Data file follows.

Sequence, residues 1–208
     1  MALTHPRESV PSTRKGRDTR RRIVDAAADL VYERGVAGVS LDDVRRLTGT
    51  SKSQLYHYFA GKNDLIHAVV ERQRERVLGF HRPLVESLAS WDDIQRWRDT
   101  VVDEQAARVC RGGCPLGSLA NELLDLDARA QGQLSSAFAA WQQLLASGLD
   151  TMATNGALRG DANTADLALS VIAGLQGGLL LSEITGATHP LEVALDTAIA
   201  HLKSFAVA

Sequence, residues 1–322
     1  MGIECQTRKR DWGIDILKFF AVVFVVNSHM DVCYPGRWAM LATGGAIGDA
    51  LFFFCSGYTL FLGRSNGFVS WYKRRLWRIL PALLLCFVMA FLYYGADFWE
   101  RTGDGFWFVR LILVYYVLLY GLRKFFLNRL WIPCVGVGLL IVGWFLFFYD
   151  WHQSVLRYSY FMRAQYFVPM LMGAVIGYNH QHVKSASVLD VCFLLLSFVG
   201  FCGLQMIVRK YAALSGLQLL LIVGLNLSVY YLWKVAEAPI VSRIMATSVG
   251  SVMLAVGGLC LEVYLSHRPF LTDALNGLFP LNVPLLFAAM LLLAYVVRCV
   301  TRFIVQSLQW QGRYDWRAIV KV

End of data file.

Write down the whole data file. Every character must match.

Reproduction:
Sequence, residues 1–208
     1  MALTHPRESV PSTRKGRDTR RRIVDAAADL VYERGVAGVS LDDVRRLTGT
    51  SKSQLYHYFA GKNDLIHAVV ERQRERVLGF HRPLVESLAS WDDIQRWRDT
   101  VVDEQAARVC RGGCPLGSLA NELLDLDARA QGQLSSAFAA WQQLLASGLD
   151  TMATNGALRG DANTADLALS VIAGLQGGLL LSEITGATHP LEVALDTAIA
   201  HLKSFAVA

Sequence, residues 1–322
     1  MGIECQTRKR DWGIDILKFF AVVFVVNSHM DVCYPGRWAM LATGGAIGDA
    51  LFFFCSGYTL FLGRSNGFVS WYKRRLWRIL PALLLCFVMA FLYYGADFWE
   101  RTGDGFWFVR LILVYYVLLY GLRKFFLNRL WIPCVGVGLL IVGWFLFFYD
   151  WHQSVLRYSY FMRAQYFVPM LMGAVIGYNH QHVKSASVLD VCFLLLSFVG
   201  FCGLQMIVRK YAALSGLQLL LIVGLNLSVY YLWKVAEAPI VSRIMATSVG
   251  SVMLAVGGLC LEVYLSHRPF LTDALNGLFP LNVPLLFAAM LLLAYVVRCV
   301  TRFIVQSLQW QGRYDWRAIV KV